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Illegal breeding facility deer test free of disease

From the Texas Parks and Wildlife Department

-- Chronic Wasting Disease and Bovine Tuberculosis were not detected in more than 300 deer held illegally on an East Texas deer breeding facility, according to recent findings at the Texas Veterinary Medical Diagnostic Laboratory.

The test results mean the deadly wildlife diseases have not been discovered in Texas deer, and enable several deer breeding facilities whose stock had co-mingled with the illegally held animals to resume normal operations.

"We are greatly relieved with the results from the disease testing," said Carter Smith, executive director of the Texas Parks and Wildlife Department. “We take disease issues very seriously because of the potential impacts to Texas’ natural resources, the public’s wildlife, and the multi-billion dollar hunting and deer breeding industries.”

 While the lab results provide a positive conclusion to an extensive epidemiological investigation by state wildlife officials, they do not moderate the actions of a former deer breeder that led to the need for disease testing.

The breeder pled guilty to smuggling at least 37 white-tailed deer over a 3-year time span, from Indiana, Illinois, and Ohio into Texas in violation of state and federal laws. CWD has been documented in at least 10 counties in Illinois, posing a direct link for disease risk in Texas.

"It is regrettable for the state to take this action in the first place,” Smith said.

The implications from a CWD outbreak in Texas’ internationally recognized white-tailed deer population, both free-ranging and captive, would be significant. Deer hunting is annually by more than 600,000 sportsmen, and has an economic impact to the state in excess of $2.2 billion a year. Studies show deer breeding activities have an economic impact in Texas of about $650 million annually.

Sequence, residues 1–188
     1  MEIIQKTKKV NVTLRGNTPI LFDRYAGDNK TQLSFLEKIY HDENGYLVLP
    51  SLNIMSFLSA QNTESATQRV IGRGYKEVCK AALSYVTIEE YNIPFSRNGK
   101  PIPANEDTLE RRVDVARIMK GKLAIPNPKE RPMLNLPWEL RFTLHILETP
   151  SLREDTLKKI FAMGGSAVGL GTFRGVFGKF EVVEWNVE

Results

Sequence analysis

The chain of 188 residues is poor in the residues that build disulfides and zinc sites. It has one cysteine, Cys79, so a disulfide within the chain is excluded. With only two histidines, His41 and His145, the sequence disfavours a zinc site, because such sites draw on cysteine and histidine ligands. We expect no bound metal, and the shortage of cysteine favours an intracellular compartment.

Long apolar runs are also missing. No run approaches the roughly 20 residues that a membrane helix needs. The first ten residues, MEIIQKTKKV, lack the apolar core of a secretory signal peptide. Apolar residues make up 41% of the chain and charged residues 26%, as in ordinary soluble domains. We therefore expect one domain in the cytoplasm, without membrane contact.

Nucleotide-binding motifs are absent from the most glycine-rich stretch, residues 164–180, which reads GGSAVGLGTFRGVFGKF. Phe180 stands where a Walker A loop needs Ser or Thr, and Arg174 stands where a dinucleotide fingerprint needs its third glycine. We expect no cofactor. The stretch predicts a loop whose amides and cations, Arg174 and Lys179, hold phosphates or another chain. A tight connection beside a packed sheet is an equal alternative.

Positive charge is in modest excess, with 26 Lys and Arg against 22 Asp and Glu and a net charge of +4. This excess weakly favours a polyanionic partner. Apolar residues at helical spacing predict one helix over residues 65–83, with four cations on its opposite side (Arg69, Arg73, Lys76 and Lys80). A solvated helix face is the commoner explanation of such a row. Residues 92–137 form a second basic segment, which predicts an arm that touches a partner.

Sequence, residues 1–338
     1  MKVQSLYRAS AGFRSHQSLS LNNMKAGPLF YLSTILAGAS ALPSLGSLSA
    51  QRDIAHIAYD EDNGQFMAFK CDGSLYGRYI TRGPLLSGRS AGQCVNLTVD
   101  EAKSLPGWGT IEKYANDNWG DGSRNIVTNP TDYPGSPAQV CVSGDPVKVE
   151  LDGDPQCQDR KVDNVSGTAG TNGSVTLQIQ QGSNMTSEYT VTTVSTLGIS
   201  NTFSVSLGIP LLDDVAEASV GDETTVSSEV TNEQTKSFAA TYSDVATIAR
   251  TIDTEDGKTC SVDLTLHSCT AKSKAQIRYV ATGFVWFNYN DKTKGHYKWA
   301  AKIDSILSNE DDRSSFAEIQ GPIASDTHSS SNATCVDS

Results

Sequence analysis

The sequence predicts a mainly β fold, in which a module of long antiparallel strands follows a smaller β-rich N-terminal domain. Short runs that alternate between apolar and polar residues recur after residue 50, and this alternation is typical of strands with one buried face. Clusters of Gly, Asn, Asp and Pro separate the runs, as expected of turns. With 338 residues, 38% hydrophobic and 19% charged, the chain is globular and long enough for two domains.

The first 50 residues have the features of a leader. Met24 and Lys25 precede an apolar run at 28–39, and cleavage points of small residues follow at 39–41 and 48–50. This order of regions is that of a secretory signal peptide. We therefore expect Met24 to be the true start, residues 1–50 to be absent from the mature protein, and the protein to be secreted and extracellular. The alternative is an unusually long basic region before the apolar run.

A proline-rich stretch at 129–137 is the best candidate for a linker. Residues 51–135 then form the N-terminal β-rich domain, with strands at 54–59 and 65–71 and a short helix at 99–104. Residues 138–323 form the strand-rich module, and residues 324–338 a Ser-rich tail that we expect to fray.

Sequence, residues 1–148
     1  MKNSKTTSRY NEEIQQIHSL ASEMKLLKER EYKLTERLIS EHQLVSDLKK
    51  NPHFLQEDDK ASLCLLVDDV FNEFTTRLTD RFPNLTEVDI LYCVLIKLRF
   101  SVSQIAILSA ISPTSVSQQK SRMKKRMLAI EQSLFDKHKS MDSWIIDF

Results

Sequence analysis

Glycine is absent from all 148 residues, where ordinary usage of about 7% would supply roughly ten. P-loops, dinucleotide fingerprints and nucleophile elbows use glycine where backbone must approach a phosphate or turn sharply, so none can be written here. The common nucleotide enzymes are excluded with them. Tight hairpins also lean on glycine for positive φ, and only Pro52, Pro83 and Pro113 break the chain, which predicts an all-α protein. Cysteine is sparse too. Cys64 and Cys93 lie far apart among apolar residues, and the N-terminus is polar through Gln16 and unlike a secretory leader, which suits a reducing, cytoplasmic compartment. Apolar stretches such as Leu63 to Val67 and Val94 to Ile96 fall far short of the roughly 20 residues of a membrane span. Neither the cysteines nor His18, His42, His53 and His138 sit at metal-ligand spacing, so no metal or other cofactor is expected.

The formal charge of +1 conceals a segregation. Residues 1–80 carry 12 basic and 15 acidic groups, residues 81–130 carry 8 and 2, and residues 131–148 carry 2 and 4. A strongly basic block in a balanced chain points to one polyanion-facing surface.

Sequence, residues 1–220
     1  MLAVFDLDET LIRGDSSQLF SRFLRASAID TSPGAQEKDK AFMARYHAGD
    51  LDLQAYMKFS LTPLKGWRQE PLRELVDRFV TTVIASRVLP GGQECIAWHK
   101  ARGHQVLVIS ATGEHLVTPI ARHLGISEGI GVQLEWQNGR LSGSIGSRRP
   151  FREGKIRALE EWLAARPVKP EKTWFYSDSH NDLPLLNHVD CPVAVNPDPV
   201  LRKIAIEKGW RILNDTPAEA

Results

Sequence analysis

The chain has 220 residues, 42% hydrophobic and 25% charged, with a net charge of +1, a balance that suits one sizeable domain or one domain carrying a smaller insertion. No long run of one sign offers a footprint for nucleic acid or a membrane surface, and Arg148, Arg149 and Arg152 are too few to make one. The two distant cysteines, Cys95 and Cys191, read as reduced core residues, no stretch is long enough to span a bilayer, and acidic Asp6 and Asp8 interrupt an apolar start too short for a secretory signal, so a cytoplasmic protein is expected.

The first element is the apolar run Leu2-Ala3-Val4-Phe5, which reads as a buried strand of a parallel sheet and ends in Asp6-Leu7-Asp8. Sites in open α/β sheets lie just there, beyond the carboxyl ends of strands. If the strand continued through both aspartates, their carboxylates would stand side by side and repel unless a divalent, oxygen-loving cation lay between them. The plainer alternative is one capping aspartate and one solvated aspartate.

CWD was originally described in captive animals 35 years ago in Colorado. However, during the last five years, the fatal disease has been detected in free-ranging cervids in several surrounding states and Canada. In 2002, a year after Texas closed its borders to importation of deer because of disease risks, CWD was reported in free-ranging deer in South Dakota, Wisconsin, New Mexico, Illinois and Utah.

Currently, 20 states and Canadian provinces are tagged as having documented CWD in their deer, elk or moose. The progression of the disease into new areas remains persistent. In 2005, West Virginia detected a positive. Virginia got a confirmed case in 2010 and this year Maryland joined the list of infected states.

More than 1,200 permits are issued annually to deer breeders in Texas covering an estimated 80,000 whitetails held in captivity. The vast majority of deer breeders operate within guidelines designed to minimize risk of disease transmission. Since CWD surveillance efforts were initiated in Texas a decade ago, more than 35,000 deer samples have been submitted for testing. TPWD has tested only about 800 illegally-possessed deer from 32 different violators.

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